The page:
Show simple item record

dc.contributor.authorGostick, Jeffrey Thomas
dc.contributor.authorIoannidis, Marios A.
dc.contributor.authorFowler, Michael W.
dc.contributor.authorPritzker, Mark D. 19:47:33 (GMT) 19:47:33 (GMT)
dc.descriptionThe final publication is available at Elsevier via © 2017. This manuscript version is made available under the CC-BY-NC-ND 4.0 license
dc.description.abstractThe condition of liquid water breakthrough at the cathode of polymer electrolyte fuel cells (PEMFC) is studied experimentally and data on corresponding water saturation and capillary pressure are provided for gas diffusion layers (GDL) with and without a microporous layer (MPL). The data demonstrate that the GDL saturation at water breakthrough is drastically reduced from ca. 25% to ca. 5% in the presence of MPL This observation is consistent with considerations of invasion percolation in finite-size lattices and suggests an explanation for the role of MPL in improving PEMFC performance at high current densities.en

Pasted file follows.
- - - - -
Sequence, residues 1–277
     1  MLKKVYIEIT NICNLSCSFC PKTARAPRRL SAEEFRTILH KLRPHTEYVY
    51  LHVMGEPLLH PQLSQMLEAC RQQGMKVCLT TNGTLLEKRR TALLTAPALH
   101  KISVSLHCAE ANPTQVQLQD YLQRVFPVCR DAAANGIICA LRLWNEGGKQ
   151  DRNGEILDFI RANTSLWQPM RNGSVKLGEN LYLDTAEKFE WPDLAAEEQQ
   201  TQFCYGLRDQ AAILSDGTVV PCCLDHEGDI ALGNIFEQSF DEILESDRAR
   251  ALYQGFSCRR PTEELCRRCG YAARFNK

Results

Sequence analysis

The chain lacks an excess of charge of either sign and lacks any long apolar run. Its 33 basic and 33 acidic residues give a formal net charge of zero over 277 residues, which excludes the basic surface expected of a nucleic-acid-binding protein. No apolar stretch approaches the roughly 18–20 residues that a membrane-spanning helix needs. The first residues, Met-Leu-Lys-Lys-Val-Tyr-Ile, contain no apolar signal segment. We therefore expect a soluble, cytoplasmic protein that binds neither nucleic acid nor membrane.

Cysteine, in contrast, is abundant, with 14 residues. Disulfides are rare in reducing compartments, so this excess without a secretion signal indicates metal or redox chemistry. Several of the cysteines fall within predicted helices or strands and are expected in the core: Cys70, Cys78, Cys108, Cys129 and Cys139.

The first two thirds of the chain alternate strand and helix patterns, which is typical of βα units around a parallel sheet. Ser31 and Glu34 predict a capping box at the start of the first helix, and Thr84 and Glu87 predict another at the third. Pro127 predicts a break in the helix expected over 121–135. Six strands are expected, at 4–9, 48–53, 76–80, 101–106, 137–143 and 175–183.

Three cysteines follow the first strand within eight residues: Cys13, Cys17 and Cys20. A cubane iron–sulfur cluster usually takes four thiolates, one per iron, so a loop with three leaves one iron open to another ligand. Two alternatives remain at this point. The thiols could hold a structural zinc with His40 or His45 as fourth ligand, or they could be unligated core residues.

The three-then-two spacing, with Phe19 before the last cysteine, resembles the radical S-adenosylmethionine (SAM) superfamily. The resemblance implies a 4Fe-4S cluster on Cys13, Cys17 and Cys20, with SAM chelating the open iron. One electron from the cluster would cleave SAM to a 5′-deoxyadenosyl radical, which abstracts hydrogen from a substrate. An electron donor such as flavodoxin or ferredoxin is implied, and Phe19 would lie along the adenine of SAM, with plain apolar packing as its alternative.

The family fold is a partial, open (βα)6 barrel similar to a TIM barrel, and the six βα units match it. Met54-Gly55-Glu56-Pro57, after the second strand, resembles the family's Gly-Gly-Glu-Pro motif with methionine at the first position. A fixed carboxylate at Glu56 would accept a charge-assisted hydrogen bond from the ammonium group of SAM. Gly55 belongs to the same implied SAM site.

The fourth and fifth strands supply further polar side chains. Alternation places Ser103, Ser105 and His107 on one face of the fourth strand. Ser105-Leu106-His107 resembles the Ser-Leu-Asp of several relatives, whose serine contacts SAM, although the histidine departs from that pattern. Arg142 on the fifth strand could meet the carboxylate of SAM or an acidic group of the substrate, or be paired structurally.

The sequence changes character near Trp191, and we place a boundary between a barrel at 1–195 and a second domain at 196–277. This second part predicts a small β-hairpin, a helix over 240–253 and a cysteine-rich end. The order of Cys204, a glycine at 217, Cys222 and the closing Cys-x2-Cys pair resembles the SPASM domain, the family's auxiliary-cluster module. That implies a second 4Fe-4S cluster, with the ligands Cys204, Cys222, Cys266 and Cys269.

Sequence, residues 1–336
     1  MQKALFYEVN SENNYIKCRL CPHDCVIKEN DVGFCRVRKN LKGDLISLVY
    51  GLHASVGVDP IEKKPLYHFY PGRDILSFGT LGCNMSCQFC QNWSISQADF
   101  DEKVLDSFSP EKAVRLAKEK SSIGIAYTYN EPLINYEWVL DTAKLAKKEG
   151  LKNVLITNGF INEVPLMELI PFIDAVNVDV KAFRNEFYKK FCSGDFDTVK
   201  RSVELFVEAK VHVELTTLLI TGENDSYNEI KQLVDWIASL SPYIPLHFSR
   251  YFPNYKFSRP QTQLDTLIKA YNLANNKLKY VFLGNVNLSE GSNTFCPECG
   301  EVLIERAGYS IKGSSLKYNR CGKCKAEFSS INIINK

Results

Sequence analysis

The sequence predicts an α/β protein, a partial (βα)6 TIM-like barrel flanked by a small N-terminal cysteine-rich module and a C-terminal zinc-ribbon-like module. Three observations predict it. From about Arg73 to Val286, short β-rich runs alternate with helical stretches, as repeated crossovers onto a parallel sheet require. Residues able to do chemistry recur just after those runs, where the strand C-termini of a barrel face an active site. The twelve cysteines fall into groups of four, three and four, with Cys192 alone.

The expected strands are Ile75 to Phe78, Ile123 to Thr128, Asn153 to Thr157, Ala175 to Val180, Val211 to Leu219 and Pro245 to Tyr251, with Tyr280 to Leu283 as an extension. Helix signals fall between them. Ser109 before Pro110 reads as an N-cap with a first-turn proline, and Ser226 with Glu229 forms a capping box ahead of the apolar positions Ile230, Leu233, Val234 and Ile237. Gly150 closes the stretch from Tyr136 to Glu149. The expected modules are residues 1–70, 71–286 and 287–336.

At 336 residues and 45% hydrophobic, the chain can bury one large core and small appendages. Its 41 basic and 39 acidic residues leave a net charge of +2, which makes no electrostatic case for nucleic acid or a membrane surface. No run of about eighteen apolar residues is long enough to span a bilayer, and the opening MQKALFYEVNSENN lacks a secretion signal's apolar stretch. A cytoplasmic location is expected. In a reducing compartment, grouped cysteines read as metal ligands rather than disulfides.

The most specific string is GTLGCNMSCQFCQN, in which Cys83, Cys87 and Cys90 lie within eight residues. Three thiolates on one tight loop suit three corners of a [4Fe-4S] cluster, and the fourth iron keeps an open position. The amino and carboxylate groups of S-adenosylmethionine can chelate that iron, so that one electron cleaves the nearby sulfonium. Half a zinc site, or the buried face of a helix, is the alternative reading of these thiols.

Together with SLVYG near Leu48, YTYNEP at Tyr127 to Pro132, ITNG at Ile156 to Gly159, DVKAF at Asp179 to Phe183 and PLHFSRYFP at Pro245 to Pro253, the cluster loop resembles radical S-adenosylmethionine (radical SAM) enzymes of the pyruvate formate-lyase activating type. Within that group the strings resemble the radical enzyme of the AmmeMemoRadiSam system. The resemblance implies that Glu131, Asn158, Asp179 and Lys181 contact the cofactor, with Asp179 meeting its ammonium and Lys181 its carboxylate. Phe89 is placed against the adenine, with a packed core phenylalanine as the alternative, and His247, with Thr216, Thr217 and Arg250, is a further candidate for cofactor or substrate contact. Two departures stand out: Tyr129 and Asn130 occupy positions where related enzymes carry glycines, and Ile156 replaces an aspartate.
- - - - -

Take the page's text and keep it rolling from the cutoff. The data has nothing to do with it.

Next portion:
dc.rightsAttribution-NonCommercial-NoDerivatives 4.0 International*
dc.subjectPolymer electrolyte membrane fuel cellen
dc.subjectGas diffusion layeren
dc.subjectMicroporous layeren
dc.subjectWater managementen
dc.subjectCapillary pressureen
dc.titleOn the role of the microporous layer in PEMFC operationen
dcterms.bibliographicCitationGostick, J. T., Ioannidis, M. A., Fowler, M. W., & Pritzker, M. D. (2009). On the role of the microporous layer in PEMFC operation. Electrochemistry Communications, 11(3), 576–579.
uws.contributor.affiliation1Faculty of Engineeringen
uws.contributor.affiliation2Chemical Engineeringen

Files in this item


This item appears in the following Collection(s)

Show simple item record

Attribution-NonCommercial-NoDerivatives 4.0 International
Except where otherwise noted, this item's license is described as Attribution-NonCommercial-NoDerivatives 4.0 International


University of Waterloo Library
200 University Avenue West
Waterloo, Ontario, Canada N2L 3G1
519 888 4883

All items in UWSpace are protected by copyright, with all rights reserved.

DSpace software

Service outages